Forty Years Ago

Interesting paragraph in Editor Claude Walker’s “Personal Observations” column; it depicted an average day in our village in May of ’65. Nothing much out of the ordinary happening, and it could have been a description of any American town of 15,000 back then:

“The village fathers are coping with the problems that always beset a village. ‘Pete’ Peterson is happy over the sewer situation; Commissioner Mike Lambke is one up on keeping the streets and alleys clean. Vernon Reich, although in the hospital, is directing his department efficiently, Earl Witt is wrestling with the ever-present problem of village finances and Paul Berlin sees to it that the water is pure while coming in large quantities with the proper pressure. Mayor Mohr is happy that all departments are operating and that he and [Police] Chief Elmer Schnurstein keep one step ahead of the syndicate that is finding Forest Park’s new image a reality”that gamblers are not welcome here anymore.”

Change the commissioners’ and mayor’s names to those serving now, and yesterday looks like today (though the reference to mob-controlled gambling probably stays in the past tense).

From the April 1965 issues of the Forest Park Review

Thirty Years Ago

“It was celebrity week at Gianotti’s on Roosevelt Rd. It started with past visits by Frank Sinatra, Dean Martin and others years ago, picking up considerably in the space of several days when Sammy Davis, singer Buddy Greco, comedian Pat Henry and Barbara Eden, star of the television series, “I Dream of Jeannie,” dined at the popular restaurant. “Word must travel fast in the entertainment world,” said owner Mary (Mama) Gianotti, “and show business people must share a lot of recommendations.”

Lt. Fred Zimmerman prefaced his Police Report column with a few editorial remarks: “A law enforcement officer can be the nicest person of the meanest cuss in the world, depending on the circumstances under which citizen and cop meet. An officer must possess a broad area of human understanding because he/she comes into contact with a cross-section of people who have a multitude of problems. Arrests, which should be made only when necessary, may be the only face-to-face meeting a citizen may make with a policeman. It helps if residents are aware that we serve the community in many ways,” said Zimmerman. “It goes without saying,” he concluded, “that we depend on the alertness of people to let us know about any suspicious activities.”

From the May 1975 issues of the Forest Park Review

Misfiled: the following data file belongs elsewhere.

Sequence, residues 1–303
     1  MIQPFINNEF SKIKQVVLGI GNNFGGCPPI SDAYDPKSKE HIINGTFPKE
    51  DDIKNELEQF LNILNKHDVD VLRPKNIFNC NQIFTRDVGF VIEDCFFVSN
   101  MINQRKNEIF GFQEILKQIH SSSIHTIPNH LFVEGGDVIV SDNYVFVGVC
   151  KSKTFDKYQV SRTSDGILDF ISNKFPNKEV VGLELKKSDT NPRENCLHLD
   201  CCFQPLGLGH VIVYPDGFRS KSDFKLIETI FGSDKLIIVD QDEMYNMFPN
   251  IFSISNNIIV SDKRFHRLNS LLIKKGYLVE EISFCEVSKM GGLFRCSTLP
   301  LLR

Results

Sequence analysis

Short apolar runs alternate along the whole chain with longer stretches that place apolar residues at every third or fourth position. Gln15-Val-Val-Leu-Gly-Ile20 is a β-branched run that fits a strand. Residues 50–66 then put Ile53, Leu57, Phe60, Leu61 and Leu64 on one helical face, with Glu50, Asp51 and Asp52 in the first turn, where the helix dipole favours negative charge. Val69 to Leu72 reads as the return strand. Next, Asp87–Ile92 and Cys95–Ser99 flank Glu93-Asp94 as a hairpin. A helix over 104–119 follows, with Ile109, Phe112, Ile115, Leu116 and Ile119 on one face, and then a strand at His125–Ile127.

Twenty Years Ago

As long as we’re on a wine kick along with much of the nation, here’s another tip from freelance writer Jo Ann Miner: “Salty or smoked foods require wine with some sweetness to lend body and structure. When served with such foods the wine’s sweetness balances the saltiness. Smoky flavor can be very pervasive so it contrasts well with a fruity wine.”

Humorist James Thurber poked fun at the adjective-laced overload of snobbery in wine’s lexicon: “It’s a naive, domestic Pinot Noir without any breeding at all, but you’ll be amused by its presumption.” (On the other hand, Port makes me belch.)

Here’s an example of Officer Fred Zimmerman’s words in praise of our police: Off-duty Forest Park policeman Steve Johnsen was in Gussie’s Deli when an 80 year-old Elmhurst man began to choke on his food. Johnsen went quickly to the man’s aid and performed the Heimlich maneuver he had learned at the police academy. He caused the man to cough up the obstruction in his windpipe. “I wouldn’t be here today,” said the man later, “if it wasn’t for that fine policeman.”

From the April 1985 issues of the Forest Park Review

Ten Years Ago

It’s been a decade since three new commissioners were elected to the village council”Tony Calderone, Tim Gillian and Laureen Thornton. Incumbent commissioner Gerald Jacknow made it by a slim 19 votes. Lorrain Popelka kept the mayoral title over Armand Ladoucer by a 2-1 margin. Howard “Bud” Boy and Ken Stange won 6-year term on the park board, while Maureen Booth was elected to the park district board.

A couple of creeps put a gun to a 73 year-old local man as he walked home from work at 2 a.m. The goons shook him down for $30, a pack of cigs and a lighter.

Speaking of cigs and money today, people are buying cancer, paying premium prices for the privilege and are crippling their budgets. But I don’t want to be judgmental.

Partly from the April 1995 issues of the Forest Park Review